In 1864 the Arapahoe and Cheyenne Indian war broke out, and every settlement in the territory outside the mountains was put upon the defense. Si Smith then lived in a log house near where Hyde & Kretschmer's buildings now are, and here was built a block house, and also there was built of adobes on the top of the bluff south of the present brewery, a sort of runic round tower, pierced with loop holes for rifles and with an entrance which could only be reached by a ladder. This stood for several years and was a noted landmark all over the country, and should have been preserved tot his day as sacredly as the old South Church or the Great Elm in Boston. Its demolition in 1867 by the Kezer brothers to finish a private building with was an act of inexcusable vandalism.

The first church built in Pueblo was St. Peter's Episcopal church in 1868-69 by the people of the town aided by Bishop Randall and the energetic efforts of Mr. Winslow, a young missionary sent here in 1868. Its bell was the first church bell south of Denver, and when its tones first sounded over the village it brought to many a heart the tender memories of a childhood's home, long covered up by years of life on the Sabbathless border. The Methodist church was the next one erected and after that the Presbyterian, and later the Roman Catholic. On the first day of June, 1868, occurred an event which marks an epoch in the progress of the place of more than ordinary interest to all Southern Colorado. This was the issue on that day of the Pueblo Weekly Chieftain. It was printed by Dr. Beshoar and Sam McBride, and edited by the late Gov. Geo, A. Hinsdale and the writer of this sketch. In this first issue will be found a notice of the death of Kit Carson at Boggs' ranch, then in Pueblo county, and the resolutions thereon of a club of his friends in Pueblo. From this time on the progress of Pueblo was rapid until now the size of the Daily Chieftain exceeds that of the weekly in 1868. The later history of our town is fresh and familiar to us all. In 1870 it became a corporate town, Lewis Conley being the first president of the board of trustees, and in 1872 the Denver and Rio Grande railway was finished to Pueblo and thus marked the next important epoch in our progress. From this time on Pueblo was borne on the high tide of prosperity until the financial jam a year or two later, when there came a halt in our building and large influx of population. Since then, however, we have materially added to our wealth, business and importance. In 1874 we built our Holly water works. In 1875 we got our eastern railroad - the Pueblo and Arkansas Valley, connecting with the Atchison, Topeka and Santa Fe railroad, and we had been seven years in trying to get, and which opens all Southern Colorado and New Mexico by a new and shorter route to the east, and by the extension this present year of over one hundred miles of the Denver and Rio Grande railway to Trinidad and the south west, we have become the railway center for all the western trade tributary to this great Arkansas valley highway to the Rocky Mountains and Pueblo is the gateway through which the vast tide of wealth is to pour in and out over the "Banana line." And in 1876 - the close of this sketch - we are having our beautiful new school house, which sits upon the city like a crown, whose jewels are our precious children, some of whom, now before us, represent the sisterhood of states, and among them is one typical of Colorado, which is in this Centennial year celebrating its first independence day. The baby state, the child of silver voice and golden hair - the pet among Columbia's daughters.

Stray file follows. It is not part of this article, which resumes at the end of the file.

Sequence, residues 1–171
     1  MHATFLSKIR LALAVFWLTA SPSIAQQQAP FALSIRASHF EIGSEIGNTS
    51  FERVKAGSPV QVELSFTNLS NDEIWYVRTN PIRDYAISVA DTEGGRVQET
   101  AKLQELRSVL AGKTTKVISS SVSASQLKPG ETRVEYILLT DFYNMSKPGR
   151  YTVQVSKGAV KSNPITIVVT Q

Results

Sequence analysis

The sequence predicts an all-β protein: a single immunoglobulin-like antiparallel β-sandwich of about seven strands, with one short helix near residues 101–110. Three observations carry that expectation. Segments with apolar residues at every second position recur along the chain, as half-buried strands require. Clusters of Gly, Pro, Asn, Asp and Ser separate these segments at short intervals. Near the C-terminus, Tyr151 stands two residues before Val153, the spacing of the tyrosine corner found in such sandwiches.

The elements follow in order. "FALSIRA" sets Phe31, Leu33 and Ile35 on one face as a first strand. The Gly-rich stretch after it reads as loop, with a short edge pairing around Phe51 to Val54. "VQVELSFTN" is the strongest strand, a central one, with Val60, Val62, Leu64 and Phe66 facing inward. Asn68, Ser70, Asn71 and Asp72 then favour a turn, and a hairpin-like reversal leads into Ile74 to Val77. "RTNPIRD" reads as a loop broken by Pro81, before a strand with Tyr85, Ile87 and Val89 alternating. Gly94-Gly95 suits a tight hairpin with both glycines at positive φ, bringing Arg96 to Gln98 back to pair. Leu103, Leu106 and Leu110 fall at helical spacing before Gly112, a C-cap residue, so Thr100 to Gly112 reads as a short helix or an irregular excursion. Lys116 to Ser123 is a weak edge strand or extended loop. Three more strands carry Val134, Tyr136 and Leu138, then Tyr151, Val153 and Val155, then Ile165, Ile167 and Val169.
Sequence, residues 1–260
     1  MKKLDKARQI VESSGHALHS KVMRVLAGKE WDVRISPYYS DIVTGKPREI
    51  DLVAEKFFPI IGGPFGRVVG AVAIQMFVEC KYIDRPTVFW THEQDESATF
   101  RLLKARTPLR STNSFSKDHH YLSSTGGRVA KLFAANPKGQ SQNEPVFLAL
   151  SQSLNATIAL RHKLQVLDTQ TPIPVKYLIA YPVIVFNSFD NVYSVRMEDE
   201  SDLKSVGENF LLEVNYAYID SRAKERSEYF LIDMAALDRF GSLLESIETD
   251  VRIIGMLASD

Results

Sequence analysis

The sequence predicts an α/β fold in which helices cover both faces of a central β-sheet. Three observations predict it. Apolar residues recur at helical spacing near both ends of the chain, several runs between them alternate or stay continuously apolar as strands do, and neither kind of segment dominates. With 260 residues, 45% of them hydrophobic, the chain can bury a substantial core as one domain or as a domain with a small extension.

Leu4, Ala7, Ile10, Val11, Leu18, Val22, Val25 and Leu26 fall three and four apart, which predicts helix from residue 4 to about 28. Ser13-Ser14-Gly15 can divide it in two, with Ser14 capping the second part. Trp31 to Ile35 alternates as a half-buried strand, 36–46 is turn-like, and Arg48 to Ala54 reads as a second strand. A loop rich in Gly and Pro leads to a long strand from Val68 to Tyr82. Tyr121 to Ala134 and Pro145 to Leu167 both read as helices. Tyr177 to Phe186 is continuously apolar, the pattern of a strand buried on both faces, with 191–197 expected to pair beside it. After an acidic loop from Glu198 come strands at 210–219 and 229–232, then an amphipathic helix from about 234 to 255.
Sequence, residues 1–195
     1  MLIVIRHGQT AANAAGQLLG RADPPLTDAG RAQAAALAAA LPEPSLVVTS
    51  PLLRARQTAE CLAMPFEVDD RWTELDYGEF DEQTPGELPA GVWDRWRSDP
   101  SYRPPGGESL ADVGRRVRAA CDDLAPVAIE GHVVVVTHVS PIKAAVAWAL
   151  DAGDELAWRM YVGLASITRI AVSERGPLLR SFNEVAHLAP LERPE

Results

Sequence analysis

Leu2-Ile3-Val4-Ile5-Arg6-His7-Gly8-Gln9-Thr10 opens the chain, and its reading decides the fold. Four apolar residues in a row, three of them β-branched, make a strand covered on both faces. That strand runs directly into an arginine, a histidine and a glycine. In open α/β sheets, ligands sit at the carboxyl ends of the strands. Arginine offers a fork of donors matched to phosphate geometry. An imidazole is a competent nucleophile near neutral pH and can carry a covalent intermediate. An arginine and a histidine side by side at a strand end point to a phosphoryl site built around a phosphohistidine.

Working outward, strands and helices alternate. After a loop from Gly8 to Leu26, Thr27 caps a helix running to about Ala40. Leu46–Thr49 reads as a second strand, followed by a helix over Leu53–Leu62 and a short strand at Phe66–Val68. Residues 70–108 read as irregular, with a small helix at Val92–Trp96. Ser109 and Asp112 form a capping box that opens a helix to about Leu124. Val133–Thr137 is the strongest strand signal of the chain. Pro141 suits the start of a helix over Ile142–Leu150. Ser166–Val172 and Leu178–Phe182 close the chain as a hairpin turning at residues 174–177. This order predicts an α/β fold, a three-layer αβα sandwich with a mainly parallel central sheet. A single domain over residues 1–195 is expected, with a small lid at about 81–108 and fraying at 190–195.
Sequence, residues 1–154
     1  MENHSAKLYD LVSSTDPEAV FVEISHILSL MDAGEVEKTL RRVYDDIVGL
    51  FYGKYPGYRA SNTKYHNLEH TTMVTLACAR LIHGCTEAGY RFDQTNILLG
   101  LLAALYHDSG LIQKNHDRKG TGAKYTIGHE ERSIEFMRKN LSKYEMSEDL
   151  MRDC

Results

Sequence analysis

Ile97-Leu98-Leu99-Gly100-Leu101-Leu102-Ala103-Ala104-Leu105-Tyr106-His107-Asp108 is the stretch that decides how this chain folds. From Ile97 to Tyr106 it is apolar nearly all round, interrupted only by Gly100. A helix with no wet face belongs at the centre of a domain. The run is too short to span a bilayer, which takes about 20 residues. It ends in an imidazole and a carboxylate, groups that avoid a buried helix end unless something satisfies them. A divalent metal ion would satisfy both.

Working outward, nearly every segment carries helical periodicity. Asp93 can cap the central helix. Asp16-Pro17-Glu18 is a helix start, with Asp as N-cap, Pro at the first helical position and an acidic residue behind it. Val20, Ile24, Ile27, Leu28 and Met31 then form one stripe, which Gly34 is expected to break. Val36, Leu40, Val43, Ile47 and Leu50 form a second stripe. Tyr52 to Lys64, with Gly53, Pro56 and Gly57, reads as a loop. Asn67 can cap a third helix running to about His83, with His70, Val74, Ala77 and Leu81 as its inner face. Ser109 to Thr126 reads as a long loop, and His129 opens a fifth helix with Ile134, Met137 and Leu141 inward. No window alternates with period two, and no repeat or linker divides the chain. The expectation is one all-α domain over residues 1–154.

I may, perhaps, jocosely, but fitly close this imperfect sketch of Pueblo, in the touching and beautiful language of one of the web-footed poets of Oregon, who in moralizing over the change that had come over the history of his native town, exclaims:

Here the wild Indian once roamed
Fished fit and able;
Now the inhabitants are white,
And Nary'rea